Rookie Already Has Flashy Nickname


The rookie with the most flair has a nickname to match.

Jason Williams of the Sacramento Kings has been dubbed “White Chocolate"--one of the most colorful nicknames to come along in a while.

His agent, Bill Pollack, doesn’t seem to particularly like the nickname, although Williams himself seems ambivalent.

“You can call me whatever you want to call me, it doesn’t bother me, All I do is go out and play ball,” Williams said Wednesday night before stunning the crowd in Philadelphia with a ballhandling move unseen in the league since the days of Pete Maravich.


Williams’ agent is not enthralled with the name “White Chocolate” because of its racial undertones. Williams is white, and his style of play has been described as having soul.

The nickname was coined by Stephanie Shepard of the Sacramento Kings’ public relations staff.

Some of Williams’ teammates have taken to calling him “White Shadow,” and Chris Webber was particularly amused at a road game in Minneapolis when someone called him “White Cocoa.”

Williams has had other nicknames in the past.


“My freshman year they called me ‘Duck’ because my feet were real flat, and then they called me ‘Showtime’ at Florida,” Williams said.

Williams has run into some stiff competition on the Kings’ current road trip, failing to hold his own against Stephon Marbury and Allen Iverson. An extraordinary ballhandler with great range on his 3-point shot, Williams nonetheless is a below-average defender and needs work on finishing his drives into the lane.

Still, his uncommon flair had made him the most talked-about rookie of this young season.

Kings beat writer Martin McNeal of the Sacramento Bee said there has been one point in each road game when Williams has thrilled the crowd with an electrifying move.


Williams said he patterns his game after all the best NBA players, not just one or two of them.

“I don’t know if I’ve had a favorite. I liked to watch all of them,” he said. “If I see a move he does, I want to copy it--or not copy it but practice it until I can do it. That’s the way I was with not just point guards, but all players. If they are supposedly the best players in the world, why not learn from them?”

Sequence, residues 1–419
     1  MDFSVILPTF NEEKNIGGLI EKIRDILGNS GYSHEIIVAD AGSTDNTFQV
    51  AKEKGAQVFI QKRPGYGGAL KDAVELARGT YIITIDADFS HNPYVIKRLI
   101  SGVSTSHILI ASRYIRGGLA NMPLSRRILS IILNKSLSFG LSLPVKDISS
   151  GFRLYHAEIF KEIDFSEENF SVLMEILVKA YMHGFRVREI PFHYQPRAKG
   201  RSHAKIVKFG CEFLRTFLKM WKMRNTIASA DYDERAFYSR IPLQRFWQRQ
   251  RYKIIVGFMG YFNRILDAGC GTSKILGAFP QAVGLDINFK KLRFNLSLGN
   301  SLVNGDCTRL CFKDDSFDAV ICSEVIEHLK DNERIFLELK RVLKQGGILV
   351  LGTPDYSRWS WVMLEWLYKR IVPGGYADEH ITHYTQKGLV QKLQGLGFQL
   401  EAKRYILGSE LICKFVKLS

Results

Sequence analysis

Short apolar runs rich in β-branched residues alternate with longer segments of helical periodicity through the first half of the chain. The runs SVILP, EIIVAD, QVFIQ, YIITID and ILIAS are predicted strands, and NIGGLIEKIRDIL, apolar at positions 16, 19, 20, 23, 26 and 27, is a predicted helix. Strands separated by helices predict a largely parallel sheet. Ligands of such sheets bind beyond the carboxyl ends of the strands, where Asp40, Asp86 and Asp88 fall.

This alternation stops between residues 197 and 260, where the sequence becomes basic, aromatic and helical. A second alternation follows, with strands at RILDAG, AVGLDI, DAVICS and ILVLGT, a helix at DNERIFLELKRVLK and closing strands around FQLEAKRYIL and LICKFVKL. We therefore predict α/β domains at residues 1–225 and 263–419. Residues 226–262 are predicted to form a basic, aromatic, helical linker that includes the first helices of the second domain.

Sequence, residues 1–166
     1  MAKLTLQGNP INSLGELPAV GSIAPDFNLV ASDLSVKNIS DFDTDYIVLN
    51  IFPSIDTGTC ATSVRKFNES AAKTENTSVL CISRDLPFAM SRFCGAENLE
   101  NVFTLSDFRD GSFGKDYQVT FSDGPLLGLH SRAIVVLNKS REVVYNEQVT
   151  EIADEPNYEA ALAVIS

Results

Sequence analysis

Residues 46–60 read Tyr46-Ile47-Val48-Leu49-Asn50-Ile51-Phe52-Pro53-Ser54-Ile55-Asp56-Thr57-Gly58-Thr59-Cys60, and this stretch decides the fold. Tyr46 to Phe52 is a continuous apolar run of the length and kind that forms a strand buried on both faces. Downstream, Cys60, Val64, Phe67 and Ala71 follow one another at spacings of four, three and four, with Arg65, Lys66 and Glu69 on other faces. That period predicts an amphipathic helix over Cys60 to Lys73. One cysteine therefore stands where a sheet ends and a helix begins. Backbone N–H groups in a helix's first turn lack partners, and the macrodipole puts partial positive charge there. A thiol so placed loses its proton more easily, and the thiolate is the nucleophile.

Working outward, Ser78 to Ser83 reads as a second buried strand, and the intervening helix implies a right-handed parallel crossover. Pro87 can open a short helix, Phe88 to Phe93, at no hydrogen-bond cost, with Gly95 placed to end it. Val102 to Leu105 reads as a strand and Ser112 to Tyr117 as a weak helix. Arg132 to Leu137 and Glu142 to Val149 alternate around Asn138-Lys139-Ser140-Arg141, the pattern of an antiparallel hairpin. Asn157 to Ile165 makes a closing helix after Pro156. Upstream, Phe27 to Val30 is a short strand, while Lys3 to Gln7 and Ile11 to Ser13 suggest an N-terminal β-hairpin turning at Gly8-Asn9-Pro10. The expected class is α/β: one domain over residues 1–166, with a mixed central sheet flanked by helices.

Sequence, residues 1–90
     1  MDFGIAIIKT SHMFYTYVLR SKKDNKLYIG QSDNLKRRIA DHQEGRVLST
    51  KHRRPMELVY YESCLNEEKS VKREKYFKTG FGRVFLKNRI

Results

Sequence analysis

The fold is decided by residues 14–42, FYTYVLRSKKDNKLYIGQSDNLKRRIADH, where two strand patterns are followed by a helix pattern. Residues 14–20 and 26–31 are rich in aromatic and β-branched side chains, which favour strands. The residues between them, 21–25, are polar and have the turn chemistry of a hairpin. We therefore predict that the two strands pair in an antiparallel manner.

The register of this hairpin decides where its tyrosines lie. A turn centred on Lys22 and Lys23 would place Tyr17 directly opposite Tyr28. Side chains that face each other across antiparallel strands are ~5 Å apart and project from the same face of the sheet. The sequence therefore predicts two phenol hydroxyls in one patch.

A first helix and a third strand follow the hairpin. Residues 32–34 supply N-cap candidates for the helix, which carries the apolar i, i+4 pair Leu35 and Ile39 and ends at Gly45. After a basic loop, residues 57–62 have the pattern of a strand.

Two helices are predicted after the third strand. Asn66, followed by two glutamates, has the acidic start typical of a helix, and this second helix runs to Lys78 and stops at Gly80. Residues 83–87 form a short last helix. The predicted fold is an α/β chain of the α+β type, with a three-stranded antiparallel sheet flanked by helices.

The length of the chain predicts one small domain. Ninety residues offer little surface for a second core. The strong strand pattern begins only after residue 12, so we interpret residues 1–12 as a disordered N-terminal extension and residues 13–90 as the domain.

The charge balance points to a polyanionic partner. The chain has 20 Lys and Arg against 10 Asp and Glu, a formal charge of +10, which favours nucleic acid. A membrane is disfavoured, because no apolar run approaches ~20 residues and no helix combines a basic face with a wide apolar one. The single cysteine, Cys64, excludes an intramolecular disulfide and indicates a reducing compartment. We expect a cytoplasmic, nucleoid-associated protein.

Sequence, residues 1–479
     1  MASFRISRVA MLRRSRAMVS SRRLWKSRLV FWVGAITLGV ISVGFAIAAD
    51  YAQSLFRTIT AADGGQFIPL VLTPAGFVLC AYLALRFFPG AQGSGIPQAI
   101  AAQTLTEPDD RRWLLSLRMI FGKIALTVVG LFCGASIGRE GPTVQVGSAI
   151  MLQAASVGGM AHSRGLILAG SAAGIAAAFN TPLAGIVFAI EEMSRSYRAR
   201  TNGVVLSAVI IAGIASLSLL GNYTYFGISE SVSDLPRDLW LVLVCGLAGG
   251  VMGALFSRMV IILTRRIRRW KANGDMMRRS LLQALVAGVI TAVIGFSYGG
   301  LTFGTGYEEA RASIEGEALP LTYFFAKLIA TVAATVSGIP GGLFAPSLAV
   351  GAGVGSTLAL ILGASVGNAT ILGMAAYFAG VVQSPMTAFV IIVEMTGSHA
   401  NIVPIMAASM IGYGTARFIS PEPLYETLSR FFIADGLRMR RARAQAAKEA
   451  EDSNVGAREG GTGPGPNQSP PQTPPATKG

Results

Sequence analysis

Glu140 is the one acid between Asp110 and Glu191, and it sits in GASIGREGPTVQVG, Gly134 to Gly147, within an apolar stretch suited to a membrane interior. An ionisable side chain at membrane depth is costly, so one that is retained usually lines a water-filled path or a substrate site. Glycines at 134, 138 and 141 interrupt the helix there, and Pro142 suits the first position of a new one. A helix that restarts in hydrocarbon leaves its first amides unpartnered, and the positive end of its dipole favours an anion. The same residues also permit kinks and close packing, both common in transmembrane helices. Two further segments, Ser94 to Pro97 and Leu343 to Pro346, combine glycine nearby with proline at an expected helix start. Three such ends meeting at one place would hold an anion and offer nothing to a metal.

BRANDON AND BUCKS: The Milwaukee Bucks are trying to figure out what to do about Terrell Brandon, who will become a free agent this summer and refuses to commit to a contract extension.


Brandon has heard that the Bucks have been shopping him around.

“I have an inside suspicion [I’ll be traded], although no one upstairs has ever told me that if you don’t re-sign you’re going to be traded,” Brandon said. “I’ve talked about being a free agent, and my desire is still to be a free agent--no matter what team I go to.

“And because of that, the organization has to protect themselves. If they trade me, it’s not because of anything negative within the team.”

Milwaukee coach George Karl said Brandon has been the best player this season for the Bucks, who entered the weekend with a 6-3 record good for second place in the Central Division.


Sen. Herb Kohl, the team owner, has asked Brandon’s agent what it would take to get an extension done.

The reply was that nothing can be done. Brandon has his heart set on playing the free agent market this summer.

Brandon, whose 1998-99 salary is $7 million, is tough to trade because he is known as a base-year compensation player, meaning the Bucks could receive only $3,1 million in salary in return if they choose to trade him before the March 11 deadline.

“I’ll play anywhere. It doesn’t matter. As long as I’m still in the NBA I’ll play for any team that wants me,” Brandon said. “It’s nice to be wanted, nice to hear rumors and those types of things, and I look at it as flattering rather than disrespect.


“I’ve already been traded before, so I have plenty of mental stability, and mental toughness to handle it.”